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Pictured in background: a flying whale and a battle elephant fighting a mega-tank and a zeppelin. As awesome as it is insane; that’s steampunk in a nutshell.

2. The future, if humanity had either continued to use, or rediscovered, steam power, clockwork etc.

An example is Phillip Reeve’s Mortal Engines series, which is set in a desolate futuristic wasteland. The earth has been so ravaged that cities roll around on wheels, raiding and destroying one another for resources.

3. A totally fictional world which happens to be going through an Industrial Revolution.

Hiromu Arakawa’s manga series, Fullmetal Alchemist, is an example of this. Robotic prosthetics, tanks, wireless sets and old-fashioned cars exist alongside magic, in an imaginary world separate from our own.

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Pictured: magical armour ghost and mechanical prosthetic arm.

Anomalies is an example of the third category.

This set me free in a few ways. One was that I could make up any crazy stuff I wanted. Horses never existed in the story; I’ve got Rik riding on a giant cassowary-thing at one point, which is better-adapted to live in a rainforest and lays edible eggs. I’ve got clockwork Roombas and super-chai and cycloptic spiderbot police, and no history pedant can stop me.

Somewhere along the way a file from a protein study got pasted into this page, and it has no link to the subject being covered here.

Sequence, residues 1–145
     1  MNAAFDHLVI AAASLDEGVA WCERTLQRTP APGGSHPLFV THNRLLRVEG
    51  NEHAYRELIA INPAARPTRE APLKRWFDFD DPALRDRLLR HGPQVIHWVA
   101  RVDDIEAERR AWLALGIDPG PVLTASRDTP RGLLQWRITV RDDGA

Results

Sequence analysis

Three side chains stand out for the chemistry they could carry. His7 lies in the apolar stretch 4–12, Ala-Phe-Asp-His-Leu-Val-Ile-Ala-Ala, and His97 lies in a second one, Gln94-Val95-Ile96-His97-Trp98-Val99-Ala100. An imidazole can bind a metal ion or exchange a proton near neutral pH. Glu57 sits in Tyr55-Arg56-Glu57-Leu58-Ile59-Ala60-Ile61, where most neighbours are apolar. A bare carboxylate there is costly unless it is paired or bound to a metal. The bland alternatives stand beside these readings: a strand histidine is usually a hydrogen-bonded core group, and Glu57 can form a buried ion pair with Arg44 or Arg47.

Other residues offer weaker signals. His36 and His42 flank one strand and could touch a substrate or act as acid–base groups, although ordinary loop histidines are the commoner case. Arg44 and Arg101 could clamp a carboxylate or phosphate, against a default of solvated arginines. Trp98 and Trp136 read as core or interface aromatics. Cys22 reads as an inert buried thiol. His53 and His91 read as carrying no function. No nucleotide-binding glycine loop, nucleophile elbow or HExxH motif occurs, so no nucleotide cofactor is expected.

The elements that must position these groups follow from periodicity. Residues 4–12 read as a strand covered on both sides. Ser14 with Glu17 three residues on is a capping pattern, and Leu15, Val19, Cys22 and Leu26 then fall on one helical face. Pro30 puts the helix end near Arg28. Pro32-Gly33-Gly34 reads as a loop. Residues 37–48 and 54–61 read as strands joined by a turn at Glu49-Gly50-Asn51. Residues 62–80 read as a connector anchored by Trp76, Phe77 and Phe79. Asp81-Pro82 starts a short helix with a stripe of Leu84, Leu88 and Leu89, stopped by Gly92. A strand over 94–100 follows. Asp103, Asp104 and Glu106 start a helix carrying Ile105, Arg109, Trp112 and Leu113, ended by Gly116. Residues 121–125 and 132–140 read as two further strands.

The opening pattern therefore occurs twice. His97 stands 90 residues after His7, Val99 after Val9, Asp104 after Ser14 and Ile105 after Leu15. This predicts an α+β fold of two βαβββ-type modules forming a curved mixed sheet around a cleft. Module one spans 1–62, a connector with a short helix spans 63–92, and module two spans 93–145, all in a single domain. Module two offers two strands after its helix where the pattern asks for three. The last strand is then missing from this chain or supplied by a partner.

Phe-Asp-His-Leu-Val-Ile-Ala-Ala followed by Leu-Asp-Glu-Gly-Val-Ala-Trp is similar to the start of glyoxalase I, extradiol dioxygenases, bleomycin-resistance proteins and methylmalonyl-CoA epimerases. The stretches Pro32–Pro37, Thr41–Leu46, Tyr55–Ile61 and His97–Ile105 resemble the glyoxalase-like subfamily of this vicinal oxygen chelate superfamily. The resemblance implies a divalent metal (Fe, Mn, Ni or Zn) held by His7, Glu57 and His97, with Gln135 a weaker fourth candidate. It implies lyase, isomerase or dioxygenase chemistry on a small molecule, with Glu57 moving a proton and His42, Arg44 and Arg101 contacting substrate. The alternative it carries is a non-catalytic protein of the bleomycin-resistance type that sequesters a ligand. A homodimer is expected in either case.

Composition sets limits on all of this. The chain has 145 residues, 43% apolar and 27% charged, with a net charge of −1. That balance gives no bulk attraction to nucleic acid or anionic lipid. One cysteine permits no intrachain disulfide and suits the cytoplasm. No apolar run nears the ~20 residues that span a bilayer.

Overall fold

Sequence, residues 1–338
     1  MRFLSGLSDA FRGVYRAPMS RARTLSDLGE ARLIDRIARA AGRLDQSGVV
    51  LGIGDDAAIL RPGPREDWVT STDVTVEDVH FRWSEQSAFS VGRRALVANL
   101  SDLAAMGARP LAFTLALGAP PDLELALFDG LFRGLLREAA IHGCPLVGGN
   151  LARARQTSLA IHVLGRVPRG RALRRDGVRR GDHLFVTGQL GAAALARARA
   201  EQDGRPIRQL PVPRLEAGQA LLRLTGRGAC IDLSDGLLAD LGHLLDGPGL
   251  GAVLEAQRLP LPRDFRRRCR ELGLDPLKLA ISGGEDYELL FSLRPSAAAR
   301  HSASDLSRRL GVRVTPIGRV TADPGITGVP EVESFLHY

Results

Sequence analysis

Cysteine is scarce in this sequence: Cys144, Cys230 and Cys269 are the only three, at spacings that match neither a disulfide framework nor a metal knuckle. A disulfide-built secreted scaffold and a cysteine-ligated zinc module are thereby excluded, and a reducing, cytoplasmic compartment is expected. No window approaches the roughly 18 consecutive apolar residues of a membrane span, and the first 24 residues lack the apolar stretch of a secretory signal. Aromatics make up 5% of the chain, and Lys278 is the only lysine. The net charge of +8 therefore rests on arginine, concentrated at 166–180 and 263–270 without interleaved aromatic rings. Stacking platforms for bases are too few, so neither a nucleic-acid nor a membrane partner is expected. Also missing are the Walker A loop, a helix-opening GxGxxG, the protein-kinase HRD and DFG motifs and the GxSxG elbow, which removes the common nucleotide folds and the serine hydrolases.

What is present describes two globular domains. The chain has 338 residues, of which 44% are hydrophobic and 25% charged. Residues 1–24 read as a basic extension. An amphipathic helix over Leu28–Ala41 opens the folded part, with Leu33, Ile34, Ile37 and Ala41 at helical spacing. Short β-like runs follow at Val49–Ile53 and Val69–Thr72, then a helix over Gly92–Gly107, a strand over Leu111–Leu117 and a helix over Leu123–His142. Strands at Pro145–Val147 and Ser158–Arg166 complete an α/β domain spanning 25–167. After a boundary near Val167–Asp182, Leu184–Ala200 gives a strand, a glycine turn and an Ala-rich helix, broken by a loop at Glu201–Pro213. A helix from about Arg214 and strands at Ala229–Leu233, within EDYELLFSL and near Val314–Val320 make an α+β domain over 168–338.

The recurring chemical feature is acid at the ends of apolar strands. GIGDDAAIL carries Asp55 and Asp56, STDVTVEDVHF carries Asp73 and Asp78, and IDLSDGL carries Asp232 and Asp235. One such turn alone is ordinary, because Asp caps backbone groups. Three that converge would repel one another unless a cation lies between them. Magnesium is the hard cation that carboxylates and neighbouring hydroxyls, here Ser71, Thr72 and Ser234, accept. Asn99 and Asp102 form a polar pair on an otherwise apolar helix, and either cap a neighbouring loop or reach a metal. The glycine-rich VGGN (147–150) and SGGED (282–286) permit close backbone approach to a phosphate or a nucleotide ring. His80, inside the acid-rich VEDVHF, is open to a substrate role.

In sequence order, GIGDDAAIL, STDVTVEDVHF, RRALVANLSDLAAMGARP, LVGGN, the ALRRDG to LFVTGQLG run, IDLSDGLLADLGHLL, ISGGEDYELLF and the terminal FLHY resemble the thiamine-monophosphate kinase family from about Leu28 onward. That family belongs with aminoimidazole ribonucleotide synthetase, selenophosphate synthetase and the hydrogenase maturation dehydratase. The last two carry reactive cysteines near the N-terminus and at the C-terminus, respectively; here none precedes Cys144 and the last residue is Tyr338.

But the other reason – the main reason, really – for choosing the third category was so that I could push the genre’s boundaries a bit.

See, in mimicking history, a lot of steampunk creators also mimic the social structures of the 19th/early 20th century. Which means that a female character in a steampunk novel, if she’s there at all, either has to pretend to be male, play right into harmful stereotypes of femininity, or flounce around in a huff grumbling that she’s not allowed to wear pants.

I wanted to write a world where a girl mechanic, women rebels and an evil lady dictator are completely normal. The best way to stick it to the patriarchy, in this case, was to write it out of existence.